Research In Motion decided to change the name of its next-generation mobile operating system from “BBX” to “BlackBerry 10.”
That will allow RIM to dodge some thorny trademark issues. But when it comes to the longer-term success of the BlackBerry franchise, much will depend on how RIM decides to roll out the much-touted “superphones” loaded with BlackBerry 10. The company remains reluctant to announce an exact date for that release, although it is widely expected to be sometime within the next few quarters.
Although RIM has offered precious few details about any “superphone” hardware or software, BlackBerry-enthusiast Websites like CrackBerry have leaked purported images of the next-generation devices-including the “BlackBerry Milan,” which imbues a slider form factor with some decidedly angular design language.
The specs for those devices, and how RIM decides to position them vis-??Ã-vis rivals on the market, such as Apple’s iPhone and the rising numbers of Google Android and Windows Phone devices, will ultimately help determine whether RIM can reverse its eroding market share in the smartphone arena. That dip in users, combined with RIM’s declining revenue, means those devices and accompanying strategy need to make their debut sooner rather than later.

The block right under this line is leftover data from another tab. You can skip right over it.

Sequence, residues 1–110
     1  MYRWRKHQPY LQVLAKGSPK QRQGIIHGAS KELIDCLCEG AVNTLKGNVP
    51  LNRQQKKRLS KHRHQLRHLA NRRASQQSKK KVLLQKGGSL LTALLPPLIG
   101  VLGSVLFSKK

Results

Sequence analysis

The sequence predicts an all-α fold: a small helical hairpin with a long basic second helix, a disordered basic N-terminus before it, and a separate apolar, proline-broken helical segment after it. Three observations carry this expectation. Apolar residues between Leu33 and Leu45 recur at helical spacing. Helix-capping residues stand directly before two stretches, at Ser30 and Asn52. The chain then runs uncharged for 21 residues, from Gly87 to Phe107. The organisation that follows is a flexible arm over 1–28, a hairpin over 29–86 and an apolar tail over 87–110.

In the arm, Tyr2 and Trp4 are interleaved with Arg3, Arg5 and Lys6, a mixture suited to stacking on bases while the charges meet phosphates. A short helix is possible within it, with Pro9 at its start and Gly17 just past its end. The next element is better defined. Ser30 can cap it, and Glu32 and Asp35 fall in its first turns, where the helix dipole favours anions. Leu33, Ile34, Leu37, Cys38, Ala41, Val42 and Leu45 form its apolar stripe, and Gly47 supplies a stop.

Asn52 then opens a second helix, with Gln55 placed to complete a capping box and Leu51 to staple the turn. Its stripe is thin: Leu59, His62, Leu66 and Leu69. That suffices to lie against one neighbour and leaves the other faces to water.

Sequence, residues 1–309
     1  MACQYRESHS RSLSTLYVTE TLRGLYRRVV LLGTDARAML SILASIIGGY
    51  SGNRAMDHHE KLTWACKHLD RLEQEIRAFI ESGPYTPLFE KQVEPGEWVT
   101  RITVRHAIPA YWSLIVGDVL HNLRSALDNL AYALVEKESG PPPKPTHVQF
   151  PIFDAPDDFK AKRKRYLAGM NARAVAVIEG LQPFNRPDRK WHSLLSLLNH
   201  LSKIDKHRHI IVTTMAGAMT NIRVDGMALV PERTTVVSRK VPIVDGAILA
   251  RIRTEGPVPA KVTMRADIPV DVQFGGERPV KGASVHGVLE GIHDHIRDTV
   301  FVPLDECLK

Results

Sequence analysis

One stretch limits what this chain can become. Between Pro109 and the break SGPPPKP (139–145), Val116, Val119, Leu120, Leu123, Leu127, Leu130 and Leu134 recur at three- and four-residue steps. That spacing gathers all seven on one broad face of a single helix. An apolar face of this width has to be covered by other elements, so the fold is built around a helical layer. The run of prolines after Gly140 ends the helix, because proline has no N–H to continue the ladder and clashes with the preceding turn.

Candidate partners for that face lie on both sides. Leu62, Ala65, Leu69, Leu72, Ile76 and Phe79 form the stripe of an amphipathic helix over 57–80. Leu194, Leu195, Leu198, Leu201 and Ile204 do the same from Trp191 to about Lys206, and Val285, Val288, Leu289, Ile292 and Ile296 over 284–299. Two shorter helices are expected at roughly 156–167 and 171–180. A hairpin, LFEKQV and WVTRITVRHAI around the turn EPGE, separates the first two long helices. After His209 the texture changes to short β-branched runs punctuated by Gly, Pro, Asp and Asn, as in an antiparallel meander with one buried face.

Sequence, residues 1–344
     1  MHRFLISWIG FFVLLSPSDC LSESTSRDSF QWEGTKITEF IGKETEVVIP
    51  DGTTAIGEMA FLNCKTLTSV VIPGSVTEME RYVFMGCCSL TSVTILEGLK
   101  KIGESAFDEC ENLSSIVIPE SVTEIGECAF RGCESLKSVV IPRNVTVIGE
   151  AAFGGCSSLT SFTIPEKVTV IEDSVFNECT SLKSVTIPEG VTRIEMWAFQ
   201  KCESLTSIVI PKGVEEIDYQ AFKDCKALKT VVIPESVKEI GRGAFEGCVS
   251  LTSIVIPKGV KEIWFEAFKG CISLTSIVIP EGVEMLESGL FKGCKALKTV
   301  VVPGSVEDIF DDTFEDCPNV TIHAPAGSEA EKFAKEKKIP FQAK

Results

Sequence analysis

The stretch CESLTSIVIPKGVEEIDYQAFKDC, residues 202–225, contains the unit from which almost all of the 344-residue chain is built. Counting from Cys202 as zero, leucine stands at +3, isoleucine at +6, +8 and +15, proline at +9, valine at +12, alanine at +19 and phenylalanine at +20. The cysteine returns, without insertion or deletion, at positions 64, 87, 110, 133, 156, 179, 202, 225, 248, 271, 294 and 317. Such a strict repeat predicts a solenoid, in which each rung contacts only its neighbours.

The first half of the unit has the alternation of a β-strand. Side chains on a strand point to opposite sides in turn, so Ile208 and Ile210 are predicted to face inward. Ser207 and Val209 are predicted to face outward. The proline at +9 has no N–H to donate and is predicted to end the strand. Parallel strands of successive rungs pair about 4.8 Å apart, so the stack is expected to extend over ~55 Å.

RIM will also need to settle its trademark battle with Basis International Ltd., which markets business software and claims the “BBX” name. On Dec. 6, the United States District Court for the District of New Mexico issued a temporary restraining order Dec. 6 (case 1:11-cv-00953-WJ-ACT) preventing RIM from using “BBX” at its Singapore conference this week.
By virtue of it being a temporary restraining order, and the trademark battle still ongoing, it’s not unconceivable that RIM could have eventually reached some sort of deal with Basis International for “BBX.” However, RIM decided to be proactive and officially announce that its BBX operating system would henceforth become “BlackBerry 10.”
“BlackBerry 10 is the official name of the next-generation platform that will power future BlackBerry smartphones,” tweeted RIM’s developer-relations team Dec. 6.
That decision, however permanent, could end up benefitting RIM by drawing a clear linkage to the past editions of its BlackBerry OS. As much as the company might want to make a clean break from its past-indeed, for months it has touted BBX, er, BlackBerry 10, as a major evolutionary leap, technologically speaking, from even the recent BlackBerry 7 OS-the company retains a sizable (albeit declining) base of genuine BlackBerry addicts who might not appreciate too radical a shift or become confused by an OS name-change.